Epidemiology and patterns of facial fractures due to road traffic accidents in Taiwan: A 15-year retrospective study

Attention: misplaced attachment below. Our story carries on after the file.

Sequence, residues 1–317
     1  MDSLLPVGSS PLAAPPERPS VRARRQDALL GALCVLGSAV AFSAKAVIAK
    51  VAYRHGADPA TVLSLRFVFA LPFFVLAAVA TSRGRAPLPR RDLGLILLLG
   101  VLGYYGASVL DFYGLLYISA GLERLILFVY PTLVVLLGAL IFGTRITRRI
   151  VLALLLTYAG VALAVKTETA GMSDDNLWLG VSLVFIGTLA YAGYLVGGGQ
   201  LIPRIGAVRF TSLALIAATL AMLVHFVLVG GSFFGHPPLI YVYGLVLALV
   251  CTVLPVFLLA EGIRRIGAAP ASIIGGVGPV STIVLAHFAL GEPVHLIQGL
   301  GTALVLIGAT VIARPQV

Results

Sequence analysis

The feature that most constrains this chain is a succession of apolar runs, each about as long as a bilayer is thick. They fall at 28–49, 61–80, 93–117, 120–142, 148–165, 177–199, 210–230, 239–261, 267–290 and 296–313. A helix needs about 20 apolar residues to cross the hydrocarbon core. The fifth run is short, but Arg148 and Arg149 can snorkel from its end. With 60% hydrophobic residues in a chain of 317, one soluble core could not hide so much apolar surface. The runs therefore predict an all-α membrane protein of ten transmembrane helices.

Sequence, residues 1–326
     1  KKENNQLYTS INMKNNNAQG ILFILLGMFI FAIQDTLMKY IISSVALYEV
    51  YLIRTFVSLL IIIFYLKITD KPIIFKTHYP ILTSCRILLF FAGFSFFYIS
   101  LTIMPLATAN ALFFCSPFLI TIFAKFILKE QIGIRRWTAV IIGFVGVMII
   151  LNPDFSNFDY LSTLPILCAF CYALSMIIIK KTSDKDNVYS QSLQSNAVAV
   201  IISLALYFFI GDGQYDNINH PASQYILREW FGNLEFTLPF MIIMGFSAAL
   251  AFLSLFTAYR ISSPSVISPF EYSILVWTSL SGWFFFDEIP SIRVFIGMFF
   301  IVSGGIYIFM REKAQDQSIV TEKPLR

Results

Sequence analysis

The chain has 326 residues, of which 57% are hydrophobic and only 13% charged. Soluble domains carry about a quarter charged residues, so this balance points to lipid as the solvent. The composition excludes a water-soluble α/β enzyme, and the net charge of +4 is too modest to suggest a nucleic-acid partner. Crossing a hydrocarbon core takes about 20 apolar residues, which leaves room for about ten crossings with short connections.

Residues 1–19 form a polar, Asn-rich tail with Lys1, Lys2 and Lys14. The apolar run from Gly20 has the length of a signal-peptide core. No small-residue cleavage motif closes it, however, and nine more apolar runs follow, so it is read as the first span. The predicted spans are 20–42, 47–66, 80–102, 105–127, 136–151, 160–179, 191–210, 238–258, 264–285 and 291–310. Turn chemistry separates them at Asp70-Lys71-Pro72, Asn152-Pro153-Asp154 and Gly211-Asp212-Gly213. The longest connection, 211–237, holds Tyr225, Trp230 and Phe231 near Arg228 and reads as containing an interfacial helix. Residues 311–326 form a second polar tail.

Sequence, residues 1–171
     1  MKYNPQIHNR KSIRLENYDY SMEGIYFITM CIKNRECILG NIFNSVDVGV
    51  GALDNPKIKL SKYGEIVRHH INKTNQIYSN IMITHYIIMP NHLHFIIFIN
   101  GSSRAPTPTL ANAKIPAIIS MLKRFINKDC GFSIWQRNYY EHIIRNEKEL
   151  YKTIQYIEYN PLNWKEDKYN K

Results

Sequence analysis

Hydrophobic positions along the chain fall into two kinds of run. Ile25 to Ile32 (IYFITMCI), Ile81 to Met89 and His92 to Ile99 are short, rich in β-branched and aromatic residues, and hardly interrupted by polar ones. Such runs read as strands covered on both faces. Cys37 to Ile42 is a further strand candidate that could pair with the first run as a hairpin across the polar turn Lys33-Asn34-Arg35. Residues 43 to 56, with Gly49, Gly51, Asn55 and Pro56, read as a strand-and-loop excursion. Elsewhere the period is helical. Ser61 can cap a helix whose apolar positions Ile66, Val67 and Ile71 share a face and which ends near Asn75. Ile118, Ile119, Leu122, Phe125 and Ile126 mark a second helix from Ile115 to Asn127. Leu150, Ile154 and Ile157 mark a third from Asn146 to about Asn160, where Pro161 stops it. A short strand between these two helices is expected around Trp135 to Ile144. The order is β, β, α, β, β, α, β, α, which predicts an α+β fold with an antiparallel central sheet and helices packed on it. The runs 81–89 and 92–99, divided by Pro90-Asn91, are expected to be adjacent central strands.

<p><b>Objective</b>: The facial region is a commonly fractured site, but the etiology varies widely by country and geographic region. To date, there are no population-based studies of facial fractures in Taiwan.</p> <p><b>Methods</b>: We conducted a retrospective study of patients diagnosed with facial fracture and registered in the National Health Insurance Research Database of Taiwan between 1997 and 2011. The epidemiological characteristics of this cohort were analyzed, including the etiology, fracture site, associated injuries, and sex and age distributions.</p> <p><b>Results</b>: A total of 6,013 cases were identified that involved facial fractures. Most patients were male (69.8%), aged 18–29 years (35.8%), and had fractures caused by road traffic accidents (RTAs; 55.2%), particularly motorcycle accidents (31.5%). Falls increased in frequency with advancing age, reaching 23.9% among the elderly (age > 65 years). The most common sites of involvement were the malar and maxillary bones (54.0%), but nasal bone fractures were more common among those younger than 18 years.</p> <p><b>Conclusion</b>: Most facial injuries in Taiwan occur in young males and typically result from RTAs, particularly involving motorcycles. However, with increasing age, there is an increase in the proportion of facial injuries due to falls.</p>